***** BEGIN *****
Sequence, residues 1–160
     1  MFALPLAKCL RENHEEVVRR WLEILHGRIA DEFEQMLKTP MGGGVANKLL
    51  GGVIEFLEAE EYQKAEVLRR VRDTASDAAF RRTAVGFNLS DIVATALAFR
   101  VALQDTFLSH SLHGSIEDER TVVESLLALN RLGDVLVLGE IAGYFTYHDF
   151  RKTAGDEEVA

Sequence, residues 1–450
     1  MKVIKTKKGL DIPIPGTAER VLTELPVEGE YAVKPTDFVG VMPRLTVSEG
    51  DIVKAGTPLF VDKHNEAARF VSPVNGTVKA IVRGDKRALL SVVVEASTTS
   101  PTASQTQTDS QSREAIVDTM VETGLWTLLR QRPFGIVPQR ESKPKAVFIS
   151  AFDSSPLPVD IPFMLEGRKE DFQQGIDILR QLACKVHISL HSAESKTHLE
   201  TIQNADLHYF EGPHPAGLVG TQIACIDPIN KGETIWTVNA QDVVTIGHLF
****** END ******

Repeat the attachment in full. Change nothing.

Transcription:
Sequence, residues 1–160
     1  MFALPLAKCL RENHEEVVRR WLEILHGRIA DEFEQMLKTP MGGGVANKLL
    51  GGVIEFLEAE EYQKAEVLRR VRDTASDAAF RRTAVGFNLS DIVATALAFR
   101  VALQDTFLSH SLHGSIEDER TVVESLLALN RLGDVLVLGE IAGYFTYHDF
   151  RKTAGDEEVA

Sequence, residues 1–450
     1  MKVIKTKKGL DIPIPGTAER VLTELPVEGE YAVKPTDFVG VMPRLTVSEG
    51  DIVKAGTPLF VDKHNEAARF VSPVNGTVKA IVRGDKRALL SVVVEASTTS
   101  PTASQTQTDS QSREAIVDTM VETGLWTLLR QRPFGIVPQR ESKPKAVFIS
   151  AFDSSPLPVD IPFMLEGRKE DFQQGIDILR QLACKVHISL HSAESKTHLE
   201  TIQNADLHYF EGPHPAGLVG TQIACIDPIN KGETIWTVNA QDVVTIGHLF